What look do you want?
How do you discover your authentic self by looking in the mirror? This might seem like a strange question that has little to do with life in retirement, but the answer is revealing because the look we pursue says something about us. It says, “This is the face I’m showing to the world. This is what I want to be.”
For some, it’s professional dye jobs and plastic surgery. For others, it’s the decision to stop all that stuff. I know of one coworker who said if she ever had a car accident just remember that L’Oreal # 56 was her hair color. Another friend said, “I just ignore my wrinkly neck and wear low-necked shirts.
My daughter-in-law recently asked me how long I was going to remain a blonde. “Oh, forever, I’m never going to stop coloring my hair.” Actually, that’s probably not true. I’m sure there will come a time when the maintenance becomes too much trouble, but it hasn’t come yet.
How does your authentic self dress?
Think about your look. What kind of clothes do you like to wear? What makes you most comfortable? Sweats? Athletic clothes? Classic ensembles? Jeans? Designer dresses? Are you artsy or Bohemian?
The way we look and dress says something about us. It’s one of the primary ways we express ourselves. What’s the vision you want to project to the world? It’s worth spending a little time thinking about it. The one where you’re the most comfortable is probably the most authentic.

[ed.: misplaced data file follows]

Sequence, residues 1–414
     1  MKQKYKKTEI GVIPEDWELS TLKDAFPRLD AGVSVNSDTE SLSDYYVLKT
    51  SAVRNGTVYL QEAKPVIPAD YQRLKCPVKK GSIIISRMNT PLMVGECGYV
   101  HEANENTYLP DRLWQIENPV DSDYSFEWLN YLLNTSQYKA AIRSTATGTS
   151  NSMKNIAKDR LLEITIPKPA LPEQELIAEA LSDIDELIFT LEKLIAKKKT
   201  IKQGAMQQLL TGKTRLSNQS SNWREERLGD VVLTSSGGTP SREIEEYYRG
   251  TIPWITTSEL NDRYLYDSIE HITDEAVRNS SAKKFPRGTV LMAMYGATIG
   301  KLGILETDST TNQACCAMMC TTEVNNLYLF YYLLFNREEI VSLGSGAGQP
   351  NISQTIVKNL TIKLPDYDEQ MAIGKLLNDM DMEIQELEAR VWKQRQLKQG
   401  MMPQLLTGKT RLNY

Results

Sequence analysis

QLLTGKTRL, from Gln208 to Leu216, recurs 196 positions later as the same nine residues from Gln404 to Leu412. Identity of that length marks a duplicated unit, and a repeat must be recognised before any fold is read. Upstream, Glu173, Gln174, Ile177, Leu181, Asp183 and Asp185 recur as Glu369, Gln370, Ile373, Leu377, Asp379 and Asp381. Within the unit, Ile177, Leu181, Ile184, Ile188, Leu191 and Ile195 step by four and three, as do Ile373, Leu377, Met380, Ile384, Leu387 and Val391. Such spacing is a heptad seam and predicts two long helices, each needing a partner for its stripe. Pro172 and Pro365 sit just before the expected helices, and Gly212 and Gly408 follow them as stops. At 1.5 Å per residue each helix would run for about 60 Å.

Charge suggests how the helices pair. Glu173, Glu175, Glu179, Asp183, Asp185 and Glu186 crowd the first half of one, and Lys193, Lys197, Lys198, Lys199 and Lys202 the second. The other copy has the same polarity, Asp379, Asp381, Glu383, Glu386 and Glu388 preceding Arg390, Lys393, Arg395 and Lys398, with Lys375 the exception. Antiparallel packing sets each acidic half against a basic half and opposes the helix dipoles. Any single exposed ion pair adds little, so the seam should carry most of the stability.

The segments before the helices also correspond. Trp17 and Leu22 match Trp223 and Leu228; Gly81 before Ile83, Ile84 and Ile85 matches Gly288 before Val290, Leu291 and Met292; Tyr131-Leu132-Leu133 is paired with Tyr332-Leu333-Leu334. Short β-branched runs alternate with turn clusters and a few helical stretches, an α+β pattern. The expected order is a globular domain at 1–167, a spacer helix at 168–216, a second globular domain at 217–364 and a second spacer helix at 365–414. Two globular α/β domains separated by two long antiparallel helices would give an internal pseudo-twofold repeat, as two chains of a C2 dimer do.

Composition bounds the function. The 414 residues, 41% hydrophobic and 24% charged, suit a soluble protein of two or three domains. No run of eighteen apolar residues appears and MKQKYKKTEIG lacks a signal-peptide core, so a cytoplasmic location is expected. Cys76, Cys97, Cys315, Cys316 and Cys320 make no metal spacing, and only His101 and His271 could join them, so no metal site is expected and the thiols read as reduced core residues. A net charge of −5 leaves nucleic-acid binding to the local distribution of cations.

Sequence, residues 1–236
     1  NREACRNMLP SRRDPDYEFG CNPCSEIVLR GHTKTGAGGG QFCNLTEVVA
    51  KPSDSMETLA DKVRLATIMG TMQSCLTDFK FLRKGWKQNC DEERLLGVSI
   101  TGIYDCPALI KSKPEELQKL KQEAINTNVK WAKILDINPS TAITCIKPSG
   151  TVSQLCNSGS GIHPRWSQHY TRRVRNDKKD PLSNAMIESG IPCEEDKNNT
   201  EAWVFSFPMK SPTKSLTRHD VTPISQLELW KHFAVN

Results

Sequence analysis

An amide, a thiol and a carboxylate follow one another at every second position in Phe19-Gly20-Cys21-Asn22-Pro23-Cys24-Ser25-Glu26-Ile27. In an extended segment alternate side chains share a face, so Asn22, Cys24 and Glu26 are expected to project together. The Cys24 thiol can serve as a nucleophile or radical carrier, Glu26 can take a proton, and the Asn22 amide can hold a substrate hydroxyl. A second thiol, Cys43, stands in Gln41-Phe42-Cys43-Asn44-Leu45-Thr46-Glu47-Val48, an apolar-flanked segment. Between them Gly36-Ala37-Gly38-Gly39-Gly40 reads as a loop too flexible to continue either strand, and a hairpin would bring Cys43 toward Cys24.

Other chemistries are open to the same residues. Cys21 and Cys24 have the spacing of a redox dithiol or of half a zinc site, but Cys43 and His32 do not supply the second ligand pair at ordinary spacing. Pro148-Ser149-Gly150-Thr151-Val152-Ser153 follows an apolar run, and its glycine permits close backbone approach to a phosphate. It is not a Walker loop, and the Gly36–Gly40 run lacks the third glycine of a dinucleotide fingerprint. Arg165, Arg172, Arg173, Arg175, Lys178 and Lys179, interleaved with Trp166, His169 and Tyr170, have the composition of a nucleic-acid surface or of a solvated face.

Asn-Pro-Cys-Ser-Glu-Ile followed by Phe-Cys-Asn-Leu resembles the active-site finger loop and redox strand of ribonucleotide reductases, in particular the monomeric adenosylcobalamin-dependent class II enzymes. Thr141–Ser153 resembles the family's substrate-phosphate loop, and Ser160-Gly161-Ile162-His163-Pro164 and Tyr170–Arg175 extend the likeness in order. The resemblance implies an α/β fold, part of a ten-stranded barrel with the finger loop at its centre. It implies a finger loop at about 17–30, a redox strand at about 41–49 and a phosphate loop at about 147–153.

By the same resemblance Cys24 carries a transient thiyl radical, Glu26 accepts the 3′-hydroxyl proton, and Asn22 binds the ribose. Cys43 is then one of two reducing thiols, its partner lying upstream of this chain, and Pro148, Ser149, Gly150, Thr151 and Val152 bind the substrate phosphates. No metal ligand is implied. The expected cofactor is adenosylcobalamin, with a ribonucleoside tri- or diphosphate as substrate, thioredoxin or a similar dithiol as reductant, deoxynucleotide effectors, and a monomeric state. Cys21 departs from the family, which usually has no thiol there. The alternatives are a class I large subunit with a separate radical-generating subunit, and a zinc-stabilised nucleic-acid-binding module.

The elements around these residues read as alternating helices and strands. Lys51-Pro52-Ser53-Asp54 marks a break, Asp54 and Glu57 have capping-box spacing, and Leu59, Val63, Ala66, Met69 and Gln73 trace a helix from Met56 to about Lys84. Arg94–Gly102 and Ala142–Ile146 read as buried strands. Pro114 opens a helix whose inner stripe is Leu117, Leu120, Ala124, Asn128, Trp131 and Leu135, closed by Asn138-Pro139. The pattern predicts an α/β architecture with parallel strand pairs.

Who does your authentic self want to spend time with?
I don’t know about you, but I’ve reached the time in my life when I don’t want to deal with difficult or high-maintenance people. If someone makes me feel small or less than I want to be, I limit my time with that person. If I need to play a part to keep them happy, then I can’t be the authentic person I want to be.
Conversely, those people who make me feel good and seem to accept me – warts and all – those are the ones I want to share my authentic self with. So think about who those people are for you. Take a few minutes to make a list: write down the names of those who you most love to spend time with and the names of those you’d like to avoid.
Make a conscious decision to make more time for the former and less time for the latter. This is real life, however, and sometimes we must spend time with difficult people. But it doesn’t have to take over your life. The trick is in controlling and limiting how much that time takes from our lives.
What things does your authentic self most value?
Of course, the most important “things” in life aren’t “things” and are probably pretty easy for you to list. I can quickly say that I most value, “my husband, my children and grandchildren, my larger family, my friends, my home, my spirituality, my fitness level and health.”
Your list may be completely different. Do you value financial freedom? Travel? Fitness? Learning? Think about the things that are most important to your life. Write them down.
The trick is then to figure out if we spend our time on the things we most value or if we spend it on other things. If we’re honest with ourselves, we’ll find out if we’re living authentically. If I say that I most value my relationship with my husband but spend little time with him, that’s not authentic. If I say that I value my relationship with my children but spend my time criticizing and arguing with them, that’s not authentic. If I say I value my health, but don’t find the time to exercise, that’s not authentic.
This exercise can be really eye-opening and even life-changing. Retirement offers us the chance and the time to make what we say we value and how we live match. We can take Shakespeare’s advice to be true to ourselves. We can become the real, authentic people we were meant to be.
This isn’t the first time we’ve written about authenticity. It’s an important subject. Take a look at this earlier blog.
Here’s to discovering your authentic self!